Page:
Haiku wasn’t always a standalone literary form. Masaoka Shiki (October 1867 – September 1902) shook things up and showed the world of his time just how lovely haiku can be. If it weren’t for him, one might wonder if haiku would have become as popular as it is today.
Haiku is a short poetry form–the world’s shortest!–originating in Japan. Traditional haiku structure consists of three lines and 17 syllables in total. The first line has five syllables, the second has seven, and the final line has five. Traditional haiku also mentions or evokes one of the seasons—Winter, Spring, Summer, or Fall. Of course, like any art form, it has continued to evolve into numerous variations from the “rules,” if they could be called that.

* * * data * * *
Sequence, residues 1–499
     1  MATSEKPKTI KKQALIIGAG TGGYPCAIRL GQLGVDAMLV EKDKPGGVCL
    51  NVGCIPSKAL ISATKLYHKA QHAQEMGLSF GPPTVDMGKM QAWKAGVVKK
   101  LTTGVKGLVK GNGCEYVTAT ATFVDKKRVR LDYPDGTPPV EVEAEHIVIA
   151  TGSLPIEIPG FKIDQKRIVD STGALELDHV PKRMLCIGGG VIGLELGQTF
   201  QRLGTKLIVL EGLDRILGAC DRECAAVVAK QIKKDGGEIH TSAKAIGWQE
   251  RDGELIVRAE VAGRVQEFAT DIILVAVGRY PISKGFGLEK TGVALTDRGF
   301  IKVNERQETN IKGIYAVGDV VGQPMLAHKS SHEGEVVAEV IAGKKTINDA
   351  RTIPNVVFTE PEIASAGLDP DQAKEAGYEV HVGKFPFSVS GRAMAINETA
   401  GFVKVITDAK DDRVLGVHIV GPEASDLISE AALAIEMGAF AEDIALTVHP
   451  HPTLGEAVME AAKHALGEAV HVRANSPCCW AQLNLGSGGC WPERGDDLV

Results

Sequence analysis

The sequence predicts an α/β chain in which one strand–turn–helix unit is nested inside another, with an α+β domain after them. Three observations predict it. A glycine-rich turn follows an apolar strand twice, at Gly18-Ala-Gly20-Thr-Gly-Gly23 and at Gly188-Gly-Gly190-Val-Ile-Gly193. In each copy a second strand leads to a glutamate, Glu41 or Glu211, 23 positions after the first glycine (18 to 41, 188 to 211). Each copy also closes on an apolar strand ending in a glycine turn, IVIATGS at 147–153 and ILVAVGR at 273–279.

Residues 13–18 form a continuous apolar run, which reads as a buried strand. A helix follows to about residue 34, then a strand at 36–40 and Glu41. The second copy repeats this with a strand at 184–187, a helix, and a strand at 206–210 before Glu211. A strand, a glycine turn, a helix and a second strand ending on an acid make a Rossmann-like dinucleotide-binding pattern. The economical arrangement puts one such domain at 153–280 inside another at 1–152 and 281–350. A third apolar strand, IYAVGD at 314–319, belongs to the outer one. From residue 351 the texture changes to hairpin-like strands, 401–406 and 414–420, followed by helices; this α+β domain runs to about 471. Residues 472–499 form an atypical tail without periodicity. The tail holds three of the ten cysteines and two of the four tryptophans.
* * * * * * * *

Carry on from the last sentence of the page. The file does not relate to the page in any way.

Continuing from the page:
When Masaoka appeared on the scene and championed haiku, the previous three haiku masters had long since passed, and haiku seemed to have diminished in the minds of literary scholars of his day. But Masaoka gave haiku new life.[Read more…]